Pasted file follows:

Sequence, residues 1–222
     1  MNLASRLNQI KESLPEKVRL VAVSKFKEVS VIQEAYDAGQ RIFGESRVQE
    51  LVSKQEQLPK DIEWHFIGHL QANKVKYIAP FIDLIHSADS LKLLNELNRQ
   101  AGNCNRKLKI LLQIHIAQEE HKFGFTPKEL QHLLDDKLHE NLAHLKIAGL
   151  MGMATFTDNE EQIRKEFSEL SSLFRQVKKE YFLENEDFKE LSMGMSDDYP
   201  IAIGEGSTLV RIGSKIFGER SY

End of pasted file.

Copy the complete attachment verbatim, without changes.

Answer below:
Sequence, residues 1–222
     1  MNLASRLNQI KESLPEKVRL VAVSKFKEVS VIQEAYDAGQ RIFGESRVQE
    51  LVSKQEQLPK DIEWHFIGHL QANKVKYIAP FIDLIHSADS LKLLNELNRQ
   101  AGNCNRKLKI LLQIHIAQEE HKFGFTPKEL QHLLDDKLHE NLAHLKIAGL
   151  MGMATFTDNE EQIRKEFSEL SSLFRQVKKE YFLENEDFKE LSMGMSDDYP
   201  IAIGEGSTLV RIGSKIFGER SY